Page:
They unfaithful partner usually wants it, but they cannot demand forgiveness. It is your gift to give or withhold. But whether or not they deserve it, I believe you should eventually forgive, for a number of reasons:
- Your own healing. Whether or not your marriage survives, you need to be able to eventually move on unencumbered by bitterness or vengefulness. If you never stop ruminating over your spouse's betrayal, the "you must pay for this" attitude will become a destructive force in your life.
- Your partner's healing. Your forgiveness will be a necessary part of your spouse's recovery from the affair, if your marriage is going to survive and flourish. This will be especially true for a spouse who is experiencing significant shame (your lack of forgiveness traps them in their guilt) or who is struggling with emotionally disconnecting from the other woman/man (your lack of forgiveness keeps them at a distance).
- Working toward trust. You'll never be able to move toward trust until you forgive. You can forgive without trusting; but you cannot trust without forgiving.
Some people misunderstand forgiveness. They think that forgiveness means forgetting, or never being upset about the affair again, or never talking about it again. Not so. Forgiveness does not erase the past; it just puts it in a new perspective.
Forgiveness simply means you come to the place of no longer holding your spouse "in debt" for their affair. You stop accusing. You stop using it as a weapon. You choose look forward instead of back, and refuse to be trapped by hurt & anger. You probably will not find your way to forgiveness easily or quickly (I am suspicious of that kind of forgiveness, because it usually is not honest), but it should be a goal you're working toward.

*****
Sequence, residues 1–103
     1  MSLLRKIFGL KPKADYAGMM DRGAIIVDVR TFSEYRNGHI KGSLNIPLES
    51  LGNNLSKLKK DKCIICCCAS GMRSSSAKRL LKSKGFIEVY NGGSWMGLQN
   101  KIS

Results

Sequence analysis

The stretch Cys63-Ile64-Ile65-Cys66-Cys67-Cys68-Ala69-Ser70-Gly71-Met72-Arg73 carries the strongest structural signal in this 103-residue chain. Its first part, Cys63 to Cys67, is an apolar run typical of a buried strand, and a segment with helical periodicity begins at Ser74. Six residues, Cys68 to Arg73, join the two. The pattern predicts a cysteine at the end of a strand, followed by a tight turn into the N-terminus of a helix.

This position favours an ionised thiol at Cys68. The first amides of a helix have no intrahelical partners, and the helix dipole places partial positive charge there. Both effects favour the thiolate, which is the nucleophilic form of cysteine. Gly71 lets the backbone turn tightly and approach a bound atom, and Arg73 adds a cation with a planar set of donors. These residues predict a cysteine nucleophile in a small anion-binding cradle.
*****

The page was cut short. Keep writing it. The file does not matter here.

It may take a while for you to experience the consistent feeling of forgiveness. Here's what one of my clients wrote nearly a year after finding out about her husband's affairs:
"I have been thinking so much lately about forgiveness. There are days that I have to consciously make the choice to walk in forgiveness. At times it can be so easy to want to "fall back to what he did in the past" when [my husband] irritates me or we have a disagreement over something totally unrelated to the affair behavior.
"But I think more and more that I am actually beginning to 'feel' it. I don't have to work as hard to make the conscious choice every day. And I am starting to see that in those moments when I want to act out in a very un-forgiving manner towards him, it really is the rush of emotion [pushing that response]. When I can step back, calm down, and really take time to process, I know I no longer WANT to punish him, or torture him, or hold anything over his head, or make him pay somehow for the hurt or anger I feel."